Competition winner, social mobility at the Bar, Bojo’s bust-up, Twibel and combustible credentials
What you MUST know:
The second stage of our career stories competition is underway. Find out how you could win a £20 Amazon voucher by answering this month’s question: ‘What’s the weirdest questions you’ve ever been asked at interview?’. Tell us by 10 June for your chance to win. You can also see what last month’s winner and runners up would do if they could choose any job without worrying about money.
Click to go to our competition winner page to find out how to enter and more.
When TARGETjobs Law spoke to aspiring lawyers last year, there were some concerns about making applications to chambers for pupillage. We spoke to different areas of the Bar to find out what the real attitude is to equality and diversity at the modern Bar, and put everything together in one mega-article for the site. Take a look at the article to see what barristers and Bar representatives had to say about making applications and working lifestyles.
The new qualification for aspiring solicitors – the solicitors qualifying examination (SQE) – is due to replace the current qualification(s) from 2021.
You can find out what this means for non-law graduates considering a conversion course (graduate diploma in law, commonly called the GDL), what the implications are for training contracts and how the new SQE will be run by reading our guide to how the SQE super exam may affect graduates.
What you SHOULD know:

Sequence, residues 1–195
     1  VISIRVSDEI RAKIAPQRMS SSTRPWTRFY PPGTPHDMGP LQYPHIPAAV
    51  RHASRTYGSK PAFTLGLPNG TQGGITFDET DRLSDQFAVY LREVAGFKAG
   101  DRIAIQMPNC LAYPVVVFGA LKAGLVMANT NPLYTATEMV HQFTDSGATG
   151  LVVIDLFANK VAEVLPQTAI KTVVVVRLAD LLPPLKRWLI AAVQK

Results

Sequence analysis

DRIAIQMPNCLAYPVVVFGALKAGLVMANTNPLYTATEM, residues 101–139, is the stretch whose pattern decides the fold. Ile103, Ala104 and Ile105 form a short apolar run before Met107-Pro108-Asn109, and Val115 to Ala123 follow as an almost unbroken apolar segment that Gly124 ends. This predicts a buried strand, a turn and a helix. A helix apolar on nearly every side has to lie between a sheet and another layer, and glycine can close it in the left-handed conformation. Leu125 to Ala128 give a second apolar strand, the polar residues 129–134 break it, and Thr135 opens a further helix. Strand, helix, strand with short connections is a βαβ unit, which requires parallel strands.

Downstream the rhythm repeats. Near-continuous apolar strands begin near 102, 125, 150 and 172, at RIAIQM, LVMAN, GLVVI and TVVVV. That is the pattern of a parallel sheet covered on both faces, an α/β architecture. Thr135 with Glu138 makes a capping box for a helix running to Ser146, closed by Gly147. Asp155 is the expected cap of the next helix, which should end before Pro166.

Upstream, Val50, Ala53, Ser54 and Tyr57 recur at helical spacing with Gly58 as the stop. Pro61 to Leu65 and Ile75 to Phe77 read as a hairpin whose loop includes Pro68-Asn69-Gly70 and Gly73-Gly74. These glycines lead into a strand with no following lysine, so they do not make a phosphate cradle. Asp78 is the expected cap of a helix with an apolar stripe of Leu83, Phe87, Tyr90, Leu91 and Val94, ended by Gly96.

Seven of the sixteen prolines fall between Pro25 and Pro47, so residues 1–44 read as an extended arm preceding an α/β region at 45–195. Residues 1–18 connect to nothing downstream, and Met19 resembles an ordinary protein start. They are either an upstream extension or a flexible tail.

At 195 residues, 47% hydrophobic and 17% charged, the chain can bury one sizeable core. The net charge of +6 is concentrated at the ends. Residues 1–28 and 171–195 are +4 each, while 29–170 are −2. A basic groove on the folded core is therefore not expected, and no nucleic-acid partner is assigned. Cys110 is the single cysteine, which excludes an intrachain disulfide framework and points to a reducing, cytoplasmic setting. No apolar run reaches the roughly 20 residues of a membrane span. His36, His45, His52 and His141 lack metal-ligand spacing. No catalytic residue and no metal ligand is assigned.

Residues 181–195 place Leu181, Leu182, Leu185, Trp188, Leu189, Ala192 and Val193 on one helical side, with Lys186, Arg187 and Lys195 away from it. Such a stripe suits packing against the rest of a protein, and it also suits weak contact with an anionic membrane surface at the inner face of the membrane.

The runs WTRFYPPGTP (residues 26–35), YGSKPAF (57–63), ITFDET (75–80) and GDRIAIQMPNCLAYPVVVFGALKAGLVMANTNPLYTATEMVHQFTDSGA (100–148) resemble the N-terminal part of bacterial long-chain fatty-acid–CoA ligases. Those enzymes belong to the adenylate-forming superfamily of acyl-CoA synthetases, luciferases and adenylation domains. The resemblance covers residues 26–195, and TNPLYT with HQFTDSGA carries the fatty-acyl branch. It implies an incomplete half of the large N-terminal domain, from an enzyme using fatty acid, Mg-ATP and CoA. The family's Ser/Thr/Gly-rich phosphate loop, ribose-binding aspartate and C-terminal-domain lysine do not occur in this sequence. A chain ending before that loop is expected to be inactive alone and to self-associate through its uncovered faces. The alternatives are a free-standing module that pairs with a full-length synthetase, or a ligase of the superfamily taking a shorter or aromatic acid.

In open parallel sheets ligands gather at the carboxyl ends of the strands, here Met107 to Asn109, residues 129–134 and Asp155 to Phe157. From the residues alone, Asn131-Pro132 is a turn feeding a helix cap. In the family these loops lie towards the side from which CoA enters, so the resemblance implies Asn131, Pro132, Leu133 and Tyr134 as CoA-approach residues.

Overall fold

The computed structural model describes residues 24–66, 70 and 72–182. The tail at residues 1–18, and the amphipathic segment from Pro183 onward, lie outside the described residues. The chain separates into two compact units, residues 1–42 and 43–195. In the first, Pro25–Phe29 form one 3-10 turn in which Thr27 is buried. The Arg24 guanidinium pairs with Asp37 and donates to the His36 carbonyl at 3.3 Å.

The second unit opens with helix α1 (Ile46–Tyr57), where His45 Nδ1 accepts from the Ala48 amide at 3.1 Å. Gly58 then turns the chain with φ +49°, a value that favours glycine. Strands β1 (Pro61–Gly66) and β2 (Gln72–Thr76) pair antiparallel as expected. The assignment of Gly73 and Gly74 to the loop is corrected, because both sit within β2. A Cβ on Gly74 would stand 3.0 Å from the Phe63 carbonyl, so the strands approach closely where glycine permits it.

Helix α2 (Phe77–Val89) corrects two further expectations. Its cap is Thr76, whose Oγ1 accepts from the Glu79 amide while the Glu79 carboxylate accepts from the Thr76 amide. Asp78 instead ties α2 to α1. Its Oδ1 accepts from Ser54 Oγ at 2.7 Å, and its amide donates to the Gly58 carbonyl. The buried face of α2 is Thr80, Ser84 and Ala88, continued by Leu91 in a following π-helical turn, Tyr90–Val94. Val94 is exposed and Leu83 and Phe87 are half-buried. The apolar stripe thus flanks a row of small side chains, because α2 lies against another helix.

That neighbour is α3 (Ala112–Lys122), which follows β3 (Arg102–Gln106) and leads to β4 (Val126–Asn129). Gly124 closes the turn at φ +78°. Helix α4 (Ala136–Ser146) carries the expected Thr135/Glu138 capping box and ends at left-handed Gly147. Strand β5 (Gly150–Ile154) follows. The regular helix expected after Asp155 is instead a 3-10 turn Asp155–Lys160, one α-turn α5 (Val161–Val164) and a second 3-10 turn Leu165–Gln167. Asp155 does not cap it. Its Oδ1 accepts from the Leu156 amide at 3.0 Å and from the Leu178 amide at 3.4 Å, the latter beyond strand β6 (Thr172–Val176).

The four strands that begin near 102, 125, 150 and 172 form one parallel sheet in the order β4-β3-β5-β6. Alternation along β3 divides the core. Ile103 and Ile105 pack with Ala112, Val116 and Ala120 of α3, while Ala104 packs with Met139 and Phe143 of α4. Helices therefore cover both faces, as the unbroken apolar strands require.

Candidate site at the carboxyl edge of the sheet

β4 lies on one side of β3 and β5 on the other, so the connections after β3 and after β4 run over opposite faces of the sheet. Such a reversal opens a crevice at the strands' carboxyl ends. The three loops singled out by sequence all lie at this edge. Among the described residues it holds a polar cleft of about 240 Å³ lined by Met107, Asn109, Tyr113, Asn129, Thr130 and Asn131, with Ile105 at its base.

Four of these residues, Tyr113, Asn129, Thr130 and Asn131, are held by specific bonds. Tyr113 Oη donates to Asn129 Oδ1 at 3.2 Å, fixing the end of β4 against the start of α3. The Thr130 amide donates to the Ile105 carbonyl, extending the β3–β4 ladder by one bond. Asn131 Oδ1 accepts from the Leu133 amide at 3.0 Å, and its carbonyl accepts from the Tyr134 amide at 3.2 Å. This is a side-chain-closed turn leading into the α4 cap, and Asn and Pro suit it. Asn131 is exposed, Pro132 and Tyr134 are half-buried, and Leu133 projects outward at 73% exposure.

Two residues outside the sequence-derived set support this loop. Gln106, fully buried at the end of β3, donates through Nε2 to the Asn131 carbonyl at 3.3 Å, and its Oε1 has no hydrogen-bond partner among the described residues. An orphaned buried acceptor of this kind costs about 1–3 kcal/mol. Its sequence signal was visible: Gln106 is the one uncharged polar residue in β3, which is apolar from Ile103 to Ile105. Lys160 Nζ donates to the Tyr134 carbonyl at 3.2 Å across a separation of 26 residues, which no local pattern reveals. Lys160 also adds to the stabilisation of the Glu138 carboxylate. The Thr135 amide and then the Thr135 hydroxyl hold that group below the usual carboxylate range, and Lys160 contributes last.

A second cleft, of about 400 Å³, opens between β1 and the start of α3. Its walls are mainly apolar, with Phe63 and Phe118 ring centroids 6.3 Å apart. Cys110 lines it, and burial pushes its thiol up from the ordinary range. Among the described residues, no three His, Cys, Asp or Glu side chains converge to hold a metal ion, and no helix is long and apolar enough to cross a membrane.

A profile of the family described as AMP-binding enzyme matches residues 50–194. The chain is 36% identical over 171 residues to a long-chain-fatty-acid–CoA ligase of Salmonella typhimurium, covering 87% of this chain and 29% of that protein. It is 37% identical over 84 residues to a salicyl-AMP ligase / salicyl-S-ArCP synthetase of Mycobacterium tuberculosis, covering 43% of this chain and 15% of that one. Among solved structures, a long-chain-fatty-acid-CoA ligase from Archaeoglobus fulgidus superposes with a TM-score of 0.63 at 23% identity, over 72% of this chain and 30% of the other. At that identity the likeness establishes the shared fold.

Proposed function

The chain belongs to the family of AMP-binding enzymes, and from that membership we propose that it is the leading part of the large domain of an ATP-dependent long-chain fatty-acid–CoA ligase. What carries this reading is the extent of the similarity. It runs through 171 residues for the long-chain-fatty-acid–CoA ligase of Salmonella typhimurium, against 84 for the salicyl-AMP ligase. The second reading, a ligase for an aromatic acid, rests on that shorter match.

Tory leadership candidate Boris Johnson has been summoned to court in relation to his claims during the referendum on membership of the European Union that the UK gave the EU £350m per week. The figure was made famous by its appearance on the side of a campaign bus. A private prosecution, funded by campaigner Marcus Ball, alleges misconduct in public office. The initial hearing will take place at Westminster Magistrates’ Court. Among the issues likely to arise within the case are: what constitutes public office, the nature of a fair trial and whether the case is being used solely on a political basis.
Click the story headline to read more directly from the BBC.
The Guardian has a collection of stories outlining how libel is no longer solely the domain of traditional media providers. Utilising the term ‘Twibel’ (Twitter and libel) the paper has outlined several instances where defamation cases have successfully been brought against those using social media. Sally Bercow’s implications about Lord McAlpine and Katie Hopkins’ online allegations against food blogger Jack Monroe are both put under the magnifying glass to established how the media law landscape has changed for the general public.
Click the story headline to read more from The Guardian.
A trial collapsed after an expert witness was found not to be an expert at all. Andrew Ager had been used in a string of court cases until he was questioned by defence counsel over his credentials during a carbon credits trial. Ager was found to have no academic qualifications and could not remember whether or not he had passed his A levels. The defence team on the case stated that there are ‘systemic failures within the investigation and disclosure processes at City of London Police’ and has warned that the finding could call other previous prosecutions into question.
Click the story headline to read more from The Independent.
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